Archive - News Article
October 14th, 2010
When documentarian James Smith met the International Gourd Lady at a craft fair in Charlotte, he saw something special.
It was a spark -- Margaret "Sparky" Sparkman, to be exact.
"I met her, and I was really inspired," Smith said. "She really sparked that interest in me to do something unique."
Smith decided to do a documentary on the life of the woman known worldwide as the International Gourd Lady.
He soon discovered, however, that there is more to Sparkman than brightly painted gourds and a colorful outfit.
Investigators came up empty Thursday in the search for Zahra Baker.
Maj. Clyde Deal with the Hickory Police Department said the search for clues in Baker's disappearance turned up nothing.
In the days since Baker was reported missing, police searched property in Burke County, including draining a pond. Deal declined to say the exact location of the property or how many locations are being searched.
Members of Catawba Valley Pride Inc. say it's time for a gay pride event in Catawba County, but the first-ever event is something residents remain hesitant to discuss.
The three-day event starts Friday at the Lenoir-Rhyne University and continues throughout the weekend at various locations in Catawba County.
During a survey of Catawba County residents, several people declined to comment about the event, citing its sensitive nature.
"I just don't want to comment about it," one woman said.
Parents of missing 10-year-old Zahra Clare Baker were not operating a home school when Zahra was reported missing, according to records from the North Carolina Division of Non-public Education.
Hickory police said Zahra, who was reported missing Saturday about 2 p.m., was home-schooled at the time of her disappearance, and she previously attended Caldwell County Schools.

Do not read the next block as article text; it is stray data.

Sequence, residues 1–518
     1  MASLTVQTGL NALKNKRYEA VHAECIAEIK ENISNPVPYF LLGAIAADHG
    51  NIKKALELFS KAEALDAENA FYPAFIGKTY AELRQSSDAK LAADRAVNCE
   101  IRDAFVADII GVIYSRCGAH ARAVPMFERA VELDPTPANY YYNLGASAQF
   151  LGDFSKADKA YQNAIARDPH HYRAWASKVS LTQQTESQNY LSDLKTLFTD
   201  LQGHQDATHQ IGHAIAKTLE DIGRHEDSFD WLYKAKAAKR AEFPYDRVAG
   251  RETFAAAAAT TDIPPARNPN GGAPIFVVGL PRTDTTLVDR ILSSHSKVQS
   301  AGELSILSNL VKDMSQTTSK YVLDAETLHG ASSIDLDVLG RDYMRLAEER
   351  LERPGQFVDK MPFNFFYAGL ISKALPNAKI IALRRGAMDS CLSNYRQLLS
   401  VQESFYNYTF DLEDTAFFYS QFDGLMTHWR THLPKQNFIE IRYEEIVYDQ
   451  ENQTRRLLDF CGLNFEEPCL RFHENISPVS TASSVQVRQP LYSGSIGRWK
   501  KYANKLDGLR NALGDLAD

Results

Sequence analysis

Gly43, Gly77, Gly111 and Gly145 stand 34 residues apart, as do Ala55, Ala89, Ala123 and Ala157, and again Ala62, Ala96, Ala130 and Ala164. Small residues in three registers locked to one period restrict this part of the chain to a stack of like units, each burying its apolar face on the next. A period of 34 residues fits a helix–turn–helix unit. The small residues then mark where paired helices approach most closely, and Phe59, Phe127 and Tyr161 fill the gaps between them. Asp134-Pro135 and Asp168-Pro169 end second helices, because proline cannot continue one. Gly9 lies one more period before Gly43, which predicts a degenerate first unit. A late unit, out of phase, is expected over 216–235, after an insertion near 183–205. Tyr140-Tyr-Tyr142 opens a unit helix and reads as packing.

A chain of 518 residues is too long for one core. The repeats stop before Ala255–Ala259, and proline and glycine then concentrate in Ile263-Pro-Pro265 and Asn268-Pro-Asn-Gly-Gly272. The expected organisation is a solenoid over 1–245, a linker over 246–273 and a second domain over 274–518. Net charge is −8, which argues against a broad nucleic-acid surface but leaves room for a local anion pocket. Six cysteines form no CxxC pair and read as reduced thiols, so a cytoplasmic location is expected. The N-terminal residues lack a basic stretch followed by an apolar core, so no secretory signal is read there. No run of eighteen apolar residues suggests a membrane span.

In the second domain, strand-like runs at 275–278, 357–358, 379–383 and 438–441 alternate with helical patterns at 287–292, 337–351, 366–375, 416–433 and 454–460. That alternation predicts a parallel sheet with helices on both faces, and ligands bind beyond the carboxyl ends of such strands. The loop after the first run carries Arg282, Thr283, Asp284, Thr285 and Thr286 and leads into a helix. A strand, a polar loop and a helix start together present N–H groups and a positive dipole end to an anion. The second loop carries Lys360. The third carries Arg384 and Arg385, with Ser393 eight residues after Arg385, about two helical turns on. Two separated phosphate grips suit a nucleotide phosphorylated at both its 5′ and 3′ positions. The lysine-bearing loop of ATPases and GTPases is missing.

CHARLOTTE (AP) â€” Though Zahra Clare Baker was battling cancer that forced her to wear hearing aids and a prosthetic leg, friends who knew her in Australia say she was an outgoing, caring, happy girl.
Then her lonely single father moved her halfway around the world to North Carolina so he could live with a woman he met on the Internet. Now the 10-year-old with the freckles and wide smile is missing and presumed dead, and friends and family thousands of miles away are waiting anxiously for word about her fate.
CHARLOTTE (AP) â€” A missing 10-year-old may have been alive when her family moved to a new home in North Carolina in mid-September, police said Thursday.
Investigators are having trouble finding anyone outside Zahra Clare Baker's household in Hickory who has seen the girl alive in recent months, making it difficult to narrow down places to search.
Newton firefighters responded to a mobile home fire on Old Ladder Road about 8:35 Thursday morning.
The home was vacant at the time of the fire, and neighbors say its owner, Clayton Garr, left the residence about 15 minutes before the fire was reported.
Cause of the fire is under investigation.
The American Red Cross is assisting Garr.
Area law enforcement drained a pond late Wednesday on property in Burke County where they've been searching for missing 10-year-old Zahra Baker.
The land is owned by a family who runs tree trimming company where Zahra's father, Adam, works. It is an area where mulch, wood chips and heavy equipment are all stored. Hickory Police Deputy Chief Clyde Deal said there was nothing specific they were looking for.
"We always want to err on the side of doing more than you need to than not doing as much as you should have done," he said.
The sound of children's laughter drifted Wednesday night from the playground at East Hickory Baptist Church, a painful reminder for everyone gathered there of one child who was noticeably absent.
East Hickory Baptist Church hosted a candlelight vigil Wednesday evening at the church playground to honor missing 10-year-old Zahra Clare Baker.
"A child's life should be something of joy, of fun and laughter," said David King, chairman of deacons at East Hickory Baptist. "Not of tragedy that evidently has happened with this young child."
A Hickory man was convicted this week in Catawba County Superior Criminal Court of two felony charges.
Ricky Dean Reina, 25, was convicted of felony first-degree kidnapping and felony larceny of a motor vehicle. Reina was sentenced to prison for no less than 44 months and no more than 58 months.
The incident occurred in February when Reina stole a vehicle from the Sunhouse gas station on U.S. 70 in Hickory. The car was running at the time, and a child was inside.
Reina drove the car a short distance and then let the child get out of the vehicle.